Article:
Finalist in both Commercial Marine Design and Marketing Awards

We are proud to have been judged as finalists in two categories in these awards.

The 2022 Commercial Marine Project/Design or Manufacturer of the Year award identifies product manufacture, design, and shipbuilding within the Commercial Category in the Australian commercial marine sector.

The 2022 Marketing Strategy of the Year award acknowledges the success of an innovative and effective marketing strategy implemented between January 1 – and December 31, 2022

As Australia's only outboard manufacturer and only electric outboard manufacturer, we are working at the cutting edge of the marine industry in electric outboards, electric boats, and electric jet skis.

See the AIMEX Link to the Awards

Electric Boat Propulsive Power Explained.

Why kW to hp conversion formulas aren't that helpful in electric boats

One of the first questions people ask us is what horsepower does a kW engine equate to?

And often they have heard of the international hp to kW conversion formula. Which is 1kW = 1.34102209 hp

This is fine, in theory.

However, in practice, we find that calculation is not at all useful.

Why?

Because it doesn't take into account the instant torque. And the advantages of electric in the low to mid-range RPMs. The RPMs you actually need to get on the plane or get going - or dock for that matter.

So that's why we refer to propulsive power at the propeller as the important power equation. And why we comfortably say that whatever propellor the ëlectric outboard can drive, that's the hp equivalent.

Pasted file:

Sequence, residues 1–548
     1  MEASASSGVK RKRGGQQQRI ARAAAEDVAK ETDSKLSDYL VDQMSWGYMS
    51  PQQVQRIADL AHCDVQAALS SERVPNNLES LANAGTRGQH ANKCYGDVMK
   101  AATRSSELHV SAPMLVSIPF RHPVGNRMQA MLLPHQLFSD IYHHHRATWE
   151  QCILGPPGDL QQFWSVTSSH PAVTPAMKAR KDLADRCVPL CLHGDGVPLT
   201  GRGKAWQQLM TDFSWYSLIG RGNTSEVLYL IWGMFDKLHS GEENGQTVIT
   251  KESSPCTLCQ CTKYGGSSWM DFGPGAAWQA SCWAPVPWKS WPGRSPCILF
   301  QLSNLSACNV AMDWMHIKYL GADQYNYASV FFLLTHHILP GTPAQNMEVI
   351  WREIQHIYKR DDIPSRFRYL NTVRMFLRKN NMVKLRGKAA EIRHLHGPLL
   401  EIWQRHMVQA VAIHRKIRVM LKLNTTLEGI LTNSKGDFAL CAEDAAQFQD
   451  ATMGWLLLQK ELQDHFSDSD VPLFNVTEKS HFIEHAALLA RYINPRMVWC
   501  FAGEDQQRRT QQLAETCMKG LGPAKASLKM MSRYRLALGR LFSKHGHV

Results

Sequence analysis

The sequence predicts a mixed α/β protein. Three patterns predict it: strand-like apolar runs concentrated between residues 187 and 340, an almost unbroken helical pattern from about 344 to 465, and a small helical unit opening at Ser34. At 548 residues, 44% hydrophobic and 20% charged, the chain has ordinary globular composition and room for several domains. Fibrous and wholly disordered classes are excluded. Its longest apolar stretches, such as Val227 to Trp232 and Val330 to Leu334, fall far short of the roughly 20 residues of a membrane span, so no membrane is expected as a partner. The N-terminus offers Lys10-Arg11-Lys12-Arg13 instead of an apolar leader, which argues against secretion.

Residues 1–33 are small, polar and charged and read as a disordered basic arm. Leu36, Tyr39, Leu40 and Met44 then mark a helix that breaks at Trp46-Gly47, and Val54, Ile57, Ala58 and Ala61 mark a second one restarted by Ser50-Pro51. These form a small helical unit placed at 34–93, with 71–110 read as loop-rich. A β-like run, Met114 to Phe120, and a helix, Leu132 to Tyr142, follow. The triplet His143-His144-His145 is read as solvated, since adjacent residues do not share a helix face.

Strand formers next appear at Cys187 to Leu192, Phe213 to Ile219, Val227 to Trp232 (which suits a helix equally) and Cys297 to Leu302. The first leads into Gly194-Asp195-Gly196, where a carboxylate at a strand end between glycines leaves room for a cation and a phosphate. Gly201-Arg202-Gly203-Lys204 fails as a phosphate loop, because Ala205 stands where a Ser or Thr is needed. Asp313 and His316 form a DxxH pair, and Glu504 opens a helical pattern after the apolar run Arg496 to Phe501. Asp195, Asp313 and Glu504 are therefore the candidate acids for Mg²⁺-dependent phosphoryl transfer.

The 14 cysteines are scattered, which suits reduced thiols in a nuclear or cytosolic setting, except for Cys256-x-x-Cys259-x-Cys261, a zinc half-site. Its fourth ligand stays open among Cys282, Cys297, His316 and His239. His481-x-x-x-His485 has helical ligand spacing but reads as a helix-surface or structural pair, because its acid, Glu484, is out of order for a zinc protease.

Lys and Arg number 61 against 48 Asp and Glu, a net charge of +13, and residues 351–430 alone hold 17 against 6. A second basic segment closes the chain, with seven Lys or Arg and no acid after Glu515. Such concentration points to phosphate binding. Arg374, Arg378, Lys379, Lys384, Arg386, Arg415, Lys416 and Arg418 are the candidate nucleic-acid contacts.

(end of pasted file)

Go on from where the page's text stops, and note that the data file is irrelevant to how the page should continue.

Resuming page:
So let us explain how this works.

In a combustion engine, the engine has to develop enough RPM (revs per minute) to reach idle speed. This usually occurs at around 1000 RPM, and you are in idle until that point.

Now you can get into gear and start to develop the advertised hp. But the fully advertised hp doesn't occur until the engine has reached around 5/6000 RPMs. So if you are at mid-range, you have not got all the hp of the engine available to you. An example would be a 40 hp outboard, which would only have around 25hp or less available at the low to mid-range of its RPMs.

Now electric outboards behave very differently. They have full power (instant torque) available from the first turn of the propeller. And a flat torque curve.

This power is important in planing boats, as you want to efficiently get out of the displacement hole and on the plane. Then you can reduce power (and amp draw).

In displacement boats, this instant torque gives you high torque at the low range RPMs - perfect for creating that momentum you need to get the boat traveling. The ideal for displacement boat efficiency is to use the biggest propeller you can, turning at the slowest rate.

So back to propulsive power.

When you are looking at electric outboards, we will ask you what propeller your current outboard turns (pitch and diameter). From there we can work out which is the right kW outboard for your boat. By the way all our outboards are made in Australia.

For further information

How you can use your electric outboard motor to impress!

Creep up to a dock with a silent electric engine and say you are using magnetic fields and GPS to pull the boat along

Go to a petrol station and not fill up

Challenge a similar petrol outboard to a sprint with your electric outboard motor (you will win)

Pretend you have left the outboard pull start cord at home but know a way to get it going anyway

Let us know your best April Fools Day Prank? Contact us.

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